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Music Sounds Bad on Phone Speakers / Optimizing Audio for Phones

Hi there,

I'm having a bit of trouble getting my soundtrack to sound good on certain phones. On the Samsung Galaxy S3, the speakers buzz during the louder parts, and on the iPhone 4, the pitch of the melody is warbly and slightly off. On the Galaxy S2 and 1st generation iPad, as well as on laptop speakers, the music sounds great. It also sounds great through headphones. (These are just the devices I have available to test on). The music is not particularly loud when the problems occur.

I've created the music in FL Studio using Kontakt and Independence VSTi plugins. I'm wondering what I can do to eliminate these audio issues. Are there any tricks of the trade as far as mixing the audio to help music sound decent on smartphones? I've searched all over for answers, and I've come up empty, other than some helpful discussions on bitrate on the GameSalad forums. I understand that music will never sound terrific on a phone, but the speaker buzzing and off pitch seem like correctable issues, especially since they only occur on certain devices.

I'd really appreciate any help! Thanks!

Comments

  • dback021dback021 Posts: 2Member
    I guess I should have noted that I've been testing the music by emailing mp3 versions of the soundtrack to myself and then playing the music on said devices. I also did try AAC format for the iPhone but heard no improvement.
  • TellentStudioTellentStudio Posts: 23Member
    you need different equalisation
  • SocksSocks London, UK.Posts: 12,822Member
    edited February 2013
    dback021 said:

    On the Samsung Galaxy S3, the speakers buzz during the louder parts, and on the iPhone 4, the pitch of the melody is warbly and slightly off.

    For the buzzing you've probably got a low frequency sound, possibly a bass or sub bass that needs to be lowered in volume (or compressed / limited) - or (less likely) the music contains a frequency that resonates with the speaker housing (which you would need to find and then attenuate).

    The pitch of one element of a song cannot be detuned separately from the rest of the song by any phenomena I'm aware of, perhaps it's a resonant frequency that's introducing some harmonics that make it sound a little out of tune to you?

    But in all honesty it's very difficult to tell without hearing the music itself.

    Apply a steep EQ or high-pass filter around 100Hz (maybe even as high as 200Hz) to kill off the bass end and see if the issue remains.
  • dback021dback021 Posts: 2Member
    Thanks, Socks, your reply was really helpful. I was able to reduce the buzzing almost completely using a high-pass filter. Sadly, this leaves the music sounding rather shallow in comparison to the original (due to lack of bass), though I'll take that over buzzing any day.

    I guess I don't understand why I needed to apply a filter at all. All the other kinds of music I listen to on these devices seem to play fine through the speakers, and that includes music containing plenty of bass. My only guess is that it has something to do with the VSTis I used (though I've tried many with the same result). Also, maybe the fact that I'm only using two instruments at a time means that whatever spectral vagaries are present in these VSTis are not attenuated by the presence of other audio.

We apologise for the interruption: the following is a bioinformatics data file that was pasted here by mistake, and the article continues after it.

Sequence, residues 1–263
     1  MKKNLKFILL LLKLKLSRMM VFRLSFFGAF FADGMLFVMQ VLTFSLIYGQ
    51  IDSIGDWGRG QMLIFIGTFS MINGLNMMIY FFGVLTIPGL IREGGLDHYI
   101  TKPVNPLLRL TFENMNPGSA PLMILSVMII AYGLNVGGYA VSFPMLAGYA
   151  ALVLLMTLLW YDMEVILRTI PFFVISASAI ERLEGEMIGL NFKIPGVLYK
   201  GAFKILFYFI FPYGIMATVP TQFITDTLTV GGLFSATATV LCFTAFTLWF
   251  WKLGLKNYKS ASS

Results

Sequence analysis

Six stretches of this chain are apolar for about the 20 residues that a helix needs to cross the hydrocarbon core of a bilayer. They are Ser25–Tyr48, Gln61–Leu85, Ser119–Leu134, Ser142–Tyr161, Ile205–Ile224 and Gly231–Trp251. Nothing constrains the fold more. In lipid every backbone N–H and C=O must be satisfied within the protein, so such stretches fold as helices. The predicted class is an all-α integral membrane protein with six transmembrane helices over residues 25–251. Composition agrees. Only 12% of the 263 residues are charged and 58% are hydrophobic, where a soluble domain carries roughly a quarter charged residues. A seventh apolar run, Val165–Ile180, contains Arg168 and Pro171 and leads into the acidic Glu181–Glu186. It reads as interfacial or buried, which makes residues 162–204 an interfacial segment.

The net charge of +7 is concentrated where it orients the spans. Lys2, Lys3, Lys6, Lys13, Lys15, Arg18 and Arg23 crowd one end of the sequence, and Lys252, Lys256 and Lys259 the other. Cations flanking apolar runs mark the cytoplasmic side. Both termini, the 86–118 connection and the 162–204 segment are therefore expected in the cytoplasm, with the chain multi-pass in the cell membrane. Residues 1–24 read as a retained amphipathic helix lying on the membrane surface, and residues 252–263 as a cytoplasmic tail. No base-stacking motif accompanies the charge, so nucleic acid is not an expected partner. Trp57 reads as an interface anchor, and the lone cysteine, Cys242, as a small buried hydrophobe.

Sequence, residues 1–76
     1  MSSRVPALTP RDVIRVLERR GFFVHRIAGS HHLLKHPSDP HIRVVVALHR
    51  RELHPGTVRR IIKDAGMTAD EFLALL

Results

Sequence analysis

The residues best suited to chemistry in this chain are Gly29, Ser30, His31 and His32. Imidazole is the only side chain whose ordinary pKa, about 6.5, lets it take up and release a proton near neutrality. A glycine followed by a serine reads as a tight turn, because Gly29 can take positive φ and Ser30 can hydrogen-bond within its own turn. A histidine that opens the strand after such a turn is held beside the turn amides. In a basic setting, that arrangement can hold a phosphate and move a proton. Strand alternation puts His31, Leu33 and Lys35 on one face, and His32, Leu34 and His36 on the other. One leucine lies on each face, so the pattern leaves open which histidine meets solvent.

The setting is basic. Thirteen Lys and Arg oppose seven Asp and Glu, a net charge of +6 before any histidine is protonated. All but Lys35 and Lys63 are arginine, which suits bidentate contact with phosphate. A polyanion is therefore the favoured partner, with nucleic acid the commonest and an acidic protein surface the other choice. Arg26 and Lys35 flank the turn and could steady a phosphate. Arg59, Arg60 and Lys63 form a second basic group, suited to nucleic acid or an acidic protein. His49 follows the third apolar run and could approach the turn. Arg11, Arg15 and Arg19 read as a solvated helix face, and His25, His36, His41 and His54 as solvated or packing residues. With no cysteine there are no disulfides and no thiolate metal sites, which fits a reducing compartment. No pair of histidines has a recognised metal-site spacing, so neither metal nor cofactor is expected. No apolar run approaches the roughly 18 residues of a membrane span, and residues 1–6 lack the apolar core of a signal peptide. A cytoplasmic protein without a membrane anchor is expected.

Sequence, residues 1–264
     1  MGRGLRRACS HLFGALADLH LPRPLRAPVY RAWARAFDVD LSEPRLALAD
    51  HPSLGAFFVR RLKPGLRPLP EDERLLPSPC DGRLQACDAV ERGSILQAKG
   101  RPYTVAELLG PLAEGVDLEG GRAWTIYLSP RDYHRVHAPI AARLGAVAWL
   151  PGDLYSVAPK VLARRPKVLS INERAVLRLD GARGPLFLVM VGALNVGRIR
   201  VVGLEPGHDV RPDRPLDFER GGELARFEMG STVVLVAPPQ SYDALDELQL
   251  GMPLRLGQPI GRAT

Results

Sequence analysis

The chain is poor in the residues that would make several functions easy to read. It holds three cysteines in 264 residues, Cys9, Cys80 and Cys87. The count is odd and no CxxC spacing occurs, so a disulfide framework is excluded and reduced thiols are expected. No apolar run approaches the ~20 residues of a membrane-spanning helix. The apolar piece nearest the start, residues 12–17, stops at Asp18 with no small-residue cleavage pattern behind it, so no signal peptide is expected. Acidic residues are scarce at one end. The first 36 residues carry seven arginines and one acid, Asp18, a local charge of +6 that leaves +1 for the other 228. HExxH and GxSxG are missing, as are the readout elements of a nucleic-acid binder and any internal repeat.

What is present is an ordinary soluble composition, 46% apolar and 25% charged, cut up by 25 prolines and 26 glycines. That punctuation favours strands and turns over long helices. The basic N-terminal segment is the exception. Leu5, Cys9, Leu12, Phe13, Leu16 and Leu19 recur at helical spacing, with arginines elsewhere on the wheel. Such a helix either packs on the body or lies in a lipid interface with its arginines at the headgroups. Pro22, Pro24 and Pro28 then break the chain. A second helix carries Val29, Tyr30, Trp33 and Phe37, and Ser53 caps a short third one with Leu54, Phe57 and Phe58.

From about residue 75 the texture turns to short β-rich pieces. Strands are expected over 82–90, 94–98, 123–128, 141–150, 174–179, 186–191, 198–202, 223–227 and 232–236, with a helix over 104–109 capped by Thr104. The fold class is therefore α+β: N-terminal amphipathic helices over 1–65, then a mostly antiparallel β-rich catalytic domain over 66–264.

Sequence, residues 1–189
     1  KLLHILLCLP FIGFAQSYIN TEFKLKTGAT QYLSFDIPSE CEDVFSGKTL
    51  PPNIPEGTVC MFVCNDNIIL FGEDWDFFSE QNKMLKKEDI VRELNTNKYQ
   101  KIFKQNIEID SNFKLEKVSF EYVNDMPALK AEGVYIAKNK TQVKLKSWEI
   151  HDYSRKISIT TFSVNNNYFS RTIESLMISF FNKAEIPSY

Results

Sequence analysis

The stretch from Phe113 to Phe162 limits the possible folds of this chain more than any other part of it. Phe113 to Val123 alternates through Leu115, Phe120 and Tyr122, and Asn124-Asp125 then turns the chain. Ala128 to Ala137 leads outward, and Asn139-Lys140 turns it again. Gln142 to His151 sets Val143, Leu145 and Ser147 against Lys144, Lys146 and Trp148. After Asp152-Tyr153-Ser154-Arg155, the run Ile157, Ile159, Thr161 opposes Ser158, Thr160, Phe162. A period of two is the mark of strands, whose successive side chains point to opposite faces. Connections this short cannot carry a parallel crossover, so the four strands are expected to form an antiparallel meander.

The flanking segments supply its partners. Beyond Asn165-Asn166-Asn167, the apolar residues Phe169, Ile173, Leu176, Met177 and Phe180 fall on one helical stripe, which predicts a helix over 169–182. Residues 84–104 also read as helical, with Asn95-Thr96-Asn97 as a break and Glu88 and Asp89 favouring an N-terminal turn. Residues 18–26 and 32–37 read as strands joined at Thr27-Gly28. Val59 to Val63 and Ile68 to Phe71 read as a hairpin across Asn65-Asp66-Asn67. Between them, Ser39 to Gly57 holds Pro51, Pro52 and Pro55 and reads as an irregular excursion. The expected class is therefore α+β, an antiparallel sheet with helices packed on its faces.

Again, thanks very much for the help. I guess I'll play around with the music in hopes that I can retain some bass while still eliminating the buzzing.
  • SocksSocks London, UK.Posts: 12,822Member
    edited February 2013
    dback021 said:

    Thanks, Socks, your reply was really helpful. I was able to reduce the buzzing almost completely using a high-pass filter. Sadly, this leaves the music sounding rather shallow in comparison to the original (due to lack of bass), though I'll take that over buzzing any day.

    The low pass / EQ cut was mostly for diagnostics in this situation - the idea is that once you've established that the issue is with the bass (by slicing off much of the low bass end) you can then get rid of the low pass, go back to your original sound and go in, find the frequency and be a little more 'surgical' with a narrow EQ band - picking out just the problem frequency and attenuating it with a parametric EQ (or whatever you've got available to you).
    dback021 said:

    I guess I don't understand why I needed to apply a filter at all. All the other kinds of music I listen to on these devices seem to play fine through the speakers, and that includes music containing plenty of bass. My only guess is that it has something to do with the VSTis I used (though I've tried many with the same result). Also, maybe the fact that I'm only using two instruments at a time means that whatever spectral vagaries are present in these VSTis are not attenuated by the presence of other audio.

    I'd put my money on a single frequency, if you've got an EQ with some kind of visual feedback you can probably locate it and pull it down a bit and you can have all the bass you want but without the resonating speaker / speaker housing, counterintuitively you'll often find things can sound bassier (is that even a word!) if you roll off the really low subs (50Hz-ish - and below), especially on mobile devices.

    All the other kinds of music I listen to on these devices seem to play fine through the speakers, and that includes music containing plenty of bass

    I'm guessing the bass on those tracks is compressed / limited - without peaks, so it might sound full and big but it's actually quieter in that it doesn't peak so high.

This discussion has been closed.